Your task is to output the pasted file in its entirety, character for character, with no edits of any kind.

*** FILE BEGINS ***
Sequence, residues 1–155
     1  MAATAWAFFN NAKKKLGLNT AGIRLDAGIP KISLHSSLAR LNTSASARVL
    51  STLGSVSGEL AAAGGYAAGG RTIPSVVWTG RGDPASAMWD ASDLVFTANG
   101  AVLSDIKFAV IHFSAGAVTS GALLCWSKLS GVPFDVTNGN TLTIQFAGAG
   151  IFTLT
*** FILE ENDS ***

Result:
Sequence, residues 1–155
     1  MAATAWAFFN NAKKKLGLNT AGIRLDAGIP KISLHSSLAR LNTSASARVL
    51  STLGSVSGEL AAAGGYAAGG RTIPSVVWTG RGDPASAMWD ASDLVFTANG
   101  AVLSDIKFAV IHFSAGAVTS GALLCWSKLS GVPFDVTNGN TLTIQFAGAG
   151  IFTLT